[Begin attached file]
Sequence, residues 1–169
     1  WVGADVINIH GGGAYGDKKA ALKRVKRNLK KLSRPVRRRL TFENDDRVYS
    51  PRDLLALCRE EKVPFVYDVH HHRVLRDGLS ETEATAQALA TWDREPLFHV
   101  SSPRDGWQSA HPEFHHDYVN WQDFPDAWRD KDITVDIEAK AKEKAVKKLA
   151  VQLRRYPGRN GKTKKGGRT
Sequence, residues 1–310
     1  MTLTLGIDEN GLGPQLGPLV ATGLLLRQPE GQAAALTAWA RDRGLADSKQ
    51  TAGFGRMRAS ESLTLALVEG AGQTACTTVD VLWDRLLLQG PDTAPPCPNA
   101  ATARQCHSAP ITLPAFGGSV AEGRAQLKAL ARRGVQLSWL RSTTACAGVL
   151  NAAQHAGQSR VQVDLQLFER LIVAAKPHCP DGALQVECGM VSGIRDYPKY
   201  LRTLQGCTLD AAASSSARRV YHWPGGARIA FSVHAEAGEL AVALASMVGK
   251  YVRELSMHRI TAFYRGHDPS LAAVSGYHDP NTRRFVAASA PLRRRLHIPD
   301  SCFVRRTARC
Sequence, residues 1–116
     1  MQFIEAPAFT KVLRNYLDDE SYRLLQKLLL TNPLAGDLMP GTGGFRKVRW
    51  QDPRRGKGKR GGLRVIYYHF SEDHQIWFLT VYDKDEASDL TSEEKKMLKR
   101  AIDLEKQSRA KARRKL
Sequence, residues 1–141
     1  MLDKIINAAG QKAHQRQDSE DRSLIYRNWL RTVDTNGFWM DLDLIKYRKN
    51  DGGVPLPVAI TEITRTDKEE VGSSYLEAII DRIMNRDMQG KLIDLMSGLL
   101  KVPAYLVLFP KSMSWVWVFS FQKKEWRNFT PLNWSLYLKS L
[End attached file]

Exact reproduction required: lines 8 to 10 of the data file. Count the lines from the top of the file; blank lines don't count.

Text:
    51  TAGFGRMRAS ESLTLALVEG AGQTACTTVD VLWDRLLLQG PDTAPPCPNA
   101  ATARQCHSAP ITLPAFGGSV AEGRAQLKAL ARRGVQLSWL RSTTACAGVL
   151  NAAQHAGQSR VQVDLQLFER LIVAAKPHCP DGALQVECGM VSGIRDYPKY